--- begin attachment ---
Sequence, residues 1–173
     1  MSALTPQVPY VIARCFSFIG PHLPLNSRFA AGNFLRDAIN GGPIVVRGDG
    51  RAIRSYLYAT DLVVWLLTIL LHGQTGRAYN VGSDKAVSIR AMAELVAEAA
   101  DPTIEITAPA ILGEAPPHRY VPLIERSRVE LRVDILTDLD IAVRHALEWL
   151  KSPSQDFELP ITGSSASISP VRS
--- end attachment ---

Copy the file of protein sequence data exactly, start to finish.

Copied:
Sequence, residues 1–173
     1  MSALTPQVPY VIARCFSFIG PHLPLNSRFA AGNFLRDAIN GGPIVVRGDG
    51  RAIRSYLYAT DLVVWLLTIL LHGQTGRAYN VGSDKAVSIR AMAELVAEAA
   101  DPTIEITAPA ILGEAPPHRY VPLIERSRVE LRVDILTDLD IAVRHALEWL
   151  KSPSQDFELP ITGSSASISP VRS